Fortunately, a solution arrived. But, in contrast to those who say that bullying is character building, it wasn't a case of acquiring new fighting or assertiveness skills. At year nine the classes were reorganized and, of the new forms, I found myself in the best. With the luxury of getting on with everyone, education again became a pleasant experience.

But I didn't take any chances. I didn't go to the camp, and at the end of the year left that school for another - where, happily, I wasn't bullied.

Stephen Cauchi is an Age journalist. E-mail:

This story was found at:


Medicating our Kids, is it Dangerous? At the very least, Drugs should be a last resort, and studies indicate should be used on a short term basis.




3. Oppression and Asthma

Oppression, such as our children are experiencing is linked to Asthma. (Asthma has recently been considered epidemic in our children) We are causing health and mental problems in our children! Three studies here.


WebMD - News Article

Home Tue. November 16, 1999


      Anxiety and depression linked to asthma onset

NEW YORK, Nov 05 (Reuters Health) -- Adults who report higher levels of anxiety and depression are more than twice as likely to develop asthma than those with lower levels, according to a report published in the current issue of the Journal of Applied Biobehavioral Research.

The researchers note that the risk of asthma linked to anxiety and depression was even higher—three times more likely—in nonsmokers with healthy lungs.

Dr. Bruce S. Jonas of the Centers for Disease Control and Prevention (CDC) in Hyattsville, Maryland, led a team of researchers who studied over 5,000 men and women, aged 25 to 74, over a 13-year period. Participants were part of a scientifically selected group enrolled in the National Health and Nutrition Examination Survey in the early 1970s. None had any history of asthma.  The subjects filled out questionnaires about symptoms of anxiety and depression when they began the study. In the early 1980s, they were asked whether they had been treated or diagnosed with asthma.  Smokers were more likely than nonsmokers to report higher baseline levels of anxiety and depression, but the severity of these symptoms did not predict the development of asthma. In nonsmokers, however, those with more severe anxiety and depression were significantly more likely to develop asthma.

The researchers compared subjects who had no respiratory symptoms or impaired lung function at baseline with those who had. They found that the relationship between high levels of anxiety and depression and later asthma was much stronger in those without signs of impaired lung function, especially if they were nonsmokers.  Jonas and his team suggest that because smokers and people with signs of lung problems had higher levels of anxiety and depression to start with, and because both smoking and early lung problems increase the risk for asthma by themselves, the relationship between mood symptoms and later asthma in these subjects might have been masked.

The study authors conclude that anxiety and depression are strong predictors of later asthma, and that this cannot be explained by the fact that smokers tend to be more anxious and depressed. The results show clearly that these psychological factors are an important part of the process in nonsmokers.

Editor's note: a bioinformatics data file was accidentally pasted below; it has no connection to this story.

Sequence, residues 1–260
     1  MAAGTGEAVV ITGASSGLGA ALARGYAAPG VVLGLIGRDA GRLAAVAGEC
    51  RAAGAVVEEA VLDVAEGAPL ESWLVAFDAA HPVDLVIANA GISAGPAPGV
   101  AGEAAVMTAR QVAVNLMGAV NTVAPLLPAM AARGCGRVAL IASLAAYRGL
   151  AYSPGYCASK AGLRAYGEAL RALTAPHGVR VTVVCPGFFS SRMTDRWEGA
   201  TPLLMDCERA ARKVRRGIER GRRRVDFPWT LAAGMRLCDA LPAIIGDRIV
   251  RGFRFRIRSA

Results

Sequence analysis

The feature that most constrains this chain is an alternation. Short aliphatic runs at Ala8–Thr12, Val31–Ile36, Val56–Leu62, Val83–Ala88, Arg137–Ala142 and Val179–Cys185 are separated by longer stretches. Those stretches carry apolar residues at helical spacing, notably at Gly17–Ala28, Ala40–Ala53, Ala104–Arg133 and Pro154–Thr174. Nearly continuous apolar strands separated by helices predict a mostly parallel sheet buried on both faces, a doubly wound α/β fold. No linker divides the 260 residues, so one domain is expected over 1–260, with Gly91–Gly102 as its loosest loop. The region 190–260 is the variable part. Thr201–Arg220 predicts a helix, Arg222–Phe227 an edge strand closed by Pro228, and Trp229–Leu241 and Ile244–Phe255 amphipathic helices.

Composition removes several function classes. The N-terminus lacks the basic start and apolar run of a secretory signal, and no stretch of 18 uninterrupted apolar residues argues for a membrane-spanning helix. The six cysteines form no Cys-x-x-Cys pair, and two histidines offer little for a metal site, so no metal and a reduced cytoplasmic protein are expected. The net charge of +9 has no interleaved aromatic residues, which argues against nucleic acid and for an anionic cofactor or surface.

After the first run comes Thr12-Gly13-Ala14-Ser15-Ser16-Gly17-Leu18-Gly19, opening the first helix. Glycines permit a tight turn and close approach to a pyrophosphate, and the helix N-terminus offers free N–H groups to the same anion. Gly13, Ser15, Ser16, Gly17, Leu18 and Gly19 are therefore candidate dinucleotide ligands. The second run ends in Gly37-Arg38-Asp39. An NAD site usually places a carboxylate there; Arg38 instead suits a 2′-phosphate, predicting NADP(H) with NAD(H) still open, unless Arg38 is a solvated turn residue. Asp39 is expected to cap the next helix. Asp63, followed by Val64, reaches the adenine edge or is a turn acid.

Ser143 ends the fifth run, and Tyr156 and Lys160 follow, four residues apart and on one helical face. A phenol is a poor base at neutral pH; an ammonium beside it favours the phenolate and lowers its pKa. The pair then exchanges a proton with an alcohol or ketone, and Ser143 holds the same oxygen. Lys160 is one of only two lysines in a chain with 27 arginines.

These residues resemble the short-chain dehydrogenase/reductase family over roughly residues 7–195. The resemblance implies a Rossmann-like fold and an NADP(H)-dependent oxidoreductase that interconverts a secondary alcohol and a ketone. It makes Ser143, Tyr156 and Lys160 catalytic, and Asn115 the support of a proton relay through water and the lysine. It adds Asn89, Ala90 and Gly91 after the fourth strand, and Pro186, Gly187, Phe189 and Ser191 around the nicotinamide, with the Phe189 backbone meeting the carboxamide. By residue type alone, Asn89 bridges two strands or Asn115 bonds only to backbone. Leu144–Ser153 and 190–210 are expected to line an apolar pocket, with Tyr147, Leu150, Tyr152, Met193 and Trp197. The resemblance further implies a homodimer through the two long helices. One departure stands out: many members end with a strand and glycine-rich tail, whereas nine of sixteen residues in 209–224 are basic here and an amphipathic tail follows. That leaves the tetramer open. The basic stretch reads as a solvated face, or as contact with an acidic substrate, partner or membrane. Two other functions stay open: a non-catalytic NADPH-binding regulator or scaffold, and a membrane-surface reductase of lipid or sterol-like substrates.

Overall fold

Jonas and colleagues call for more careful research into the relationship between psychological factors and the onset of asthma.


Journal of Applied Biobehavioral Research 1999;4:91-100.

Copyright 1998 Reuters Limited. Republication or redistribution of Reuters content is expressly prohibited without the prior written consent of Reuters. Reuters shall not be liable for any errors or delays in the content, or for any actions taken in reliance thereon.





WebMD - News Article on Health

Home Tue., November 16, 1999



Bronchial reactivity linked to atopic status in pediatric asthma

WESTPORT, Oct 26 (Reuters Health) - Children with nonatopic asthma

show greater bronchial hyperresponsiveness to methacholine challenge

than atopic asthmatic children do, according to Japanese researchers.


In the September issue of Chest, Dr. Hiroyuki Mochizuki and colleagues from Gunma University School of Medicine, in Maebashi, note that it appears to be possible that “...the fundamental mechanism of [bronchial hyperresponsiveness] in nonatopic asthma is different from that in atopic asthma.” To investigate, the researchers studied 14 children with nonatopic asthma, 24 with atopic asthma and 20 healthy controls. Each underwent inhalation challenge with progressively doubling doses of methacholine. This procedure was followed by inhalation of nebulized salbutamol. The team measured the speed of bronchoconstriction due to methacholine and the speed of reversal due to salbutamol.  Nonatopic asthmatics responded more swiftly to methacholine than did atopic asthmatics or controls. They also had a faster response to salbutamol than did atopics, but their response did not differ significantly from that of controls.  “These data suggest that the hyperreactivity of airway smooth muscle may be one of the fundamental mechanisms of [bronchial hyperresponsiveness] in nonatopic asthma, and that it has an effect on the exacerbation of nonatopic asthma,” Dr. Mochizuki’s team writes. “ is still unclear whether it is smooth muscle fiber itself or the number or kind of receptors on the muscle that has the most effect.”

Chest 1999;116:619-624.

·        Westport Newsroom 203 319 2700






Stress and Asthma: What’s the Connection?


Most experts would agree that there is a connection between emotional stress and asthma but beyond that, a great deal of controversy still exists. Does emotional stress trigger asthma or make an attack worse? Or is emotional stress the result of asthma symptoms?